“The Puritans [were] burning and shining lights.”
Though the Puritans (c. 1550-1750) have been dead for centuries, their influence is lasting and deep for those who read them. The Holy Spirit has long used, and still uses, the writings of the Puritans in a way that enlightens the mind, stirs the affections, and focuses faith in the one true God of the sacred Scriptures.
“When cast out by the black Bartholomew Act, and driven from their respective charges to preach in barns and fields, in the highways and hedges, they in a special manner wrote and preached as men having authority. Though dead, by their writings they yet speak… Their works still praise them in the gates; and without pretending to a spirit of prophecy, we may venture to affirm that they will live and flourish, when more modern performances of a contrary cast, notwithstanding their gaudy and tinseled trappings, will languish and die in the esteem of those whose understandings are open to discern what comes nearest to the Scripture standard.” – George Whitfield, Works, 4:306-307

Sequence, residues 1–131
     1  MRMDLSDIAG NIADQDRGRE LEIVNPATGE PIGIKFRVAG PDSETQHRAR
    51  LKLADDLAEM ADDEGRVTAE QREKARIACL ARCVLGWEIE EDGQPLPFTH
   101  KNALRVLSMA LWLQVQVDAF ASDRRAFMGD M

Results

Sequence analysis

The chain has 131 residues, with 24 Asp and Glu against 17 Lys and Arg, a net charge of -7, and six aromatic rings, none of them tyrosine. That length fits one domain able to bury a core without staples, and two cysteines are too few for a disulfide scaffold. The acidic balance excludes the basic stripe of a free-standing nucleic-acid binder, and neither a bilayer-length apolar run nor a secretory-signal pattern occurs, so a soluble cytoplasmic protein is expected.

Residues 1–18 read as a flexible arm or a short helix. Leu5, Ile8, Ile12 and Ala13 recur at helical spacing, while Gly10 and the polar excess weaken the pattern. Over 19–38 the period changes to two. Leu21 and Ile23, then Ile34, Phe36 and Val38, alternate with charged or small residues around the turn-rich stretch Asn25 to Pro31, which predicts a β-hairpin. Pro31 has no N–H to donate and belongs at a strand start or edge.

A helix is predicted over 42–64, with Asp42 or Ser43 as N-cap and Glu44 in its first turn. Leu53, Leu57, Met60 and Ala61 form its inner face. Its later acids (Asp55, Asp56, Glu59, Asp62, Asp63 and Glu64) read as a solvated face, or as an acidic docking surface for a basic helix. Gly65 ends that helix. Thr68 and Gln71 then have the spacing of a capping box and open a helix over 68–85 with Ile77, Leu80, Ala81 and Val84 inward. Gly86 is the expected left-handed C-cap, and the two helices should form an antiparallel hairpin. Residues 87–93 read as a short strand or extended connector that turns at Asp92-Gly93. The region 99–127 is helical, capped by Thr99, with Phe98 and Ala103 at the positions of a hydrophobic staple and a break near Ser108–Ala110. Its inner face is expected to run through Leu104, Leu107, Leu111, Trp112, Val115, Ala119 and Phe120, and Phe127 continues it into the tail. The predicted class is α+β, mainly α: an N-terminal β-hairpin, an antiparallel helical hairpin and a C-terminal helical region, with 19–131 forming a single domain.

And yet, some of their writings can be challenging for us modern readers. We just are not used to their rich language, deep theology, and carefully worded and complicated arguments. So, where do we begin?
Here are some personal suggestions:
- John Bunyan’s Pilgrim’s Progress (either in the old or modern English)
- John Bunyan’s The Intercession of Christ
- The Valley of Vision (a collection of Puritan prayers) — Or another collection of prayers entitled Piercing Heaven, by Elmer
- Samuel Rutherford’s The Loveliness of Christ
- Thomas Watson’s All Things for Good
- John Flavel’s Keeping the Heart
- Thomas Brooks’ Precious Remedies of Satan’s Devices
- Jeremiah Burroughs’ The Rare Jewel of Christian Contentment
- Thomas Boston’s The Crook in the Lot
- Richard Baxter’s Dying Thoughts
For good introductions about the Puritans: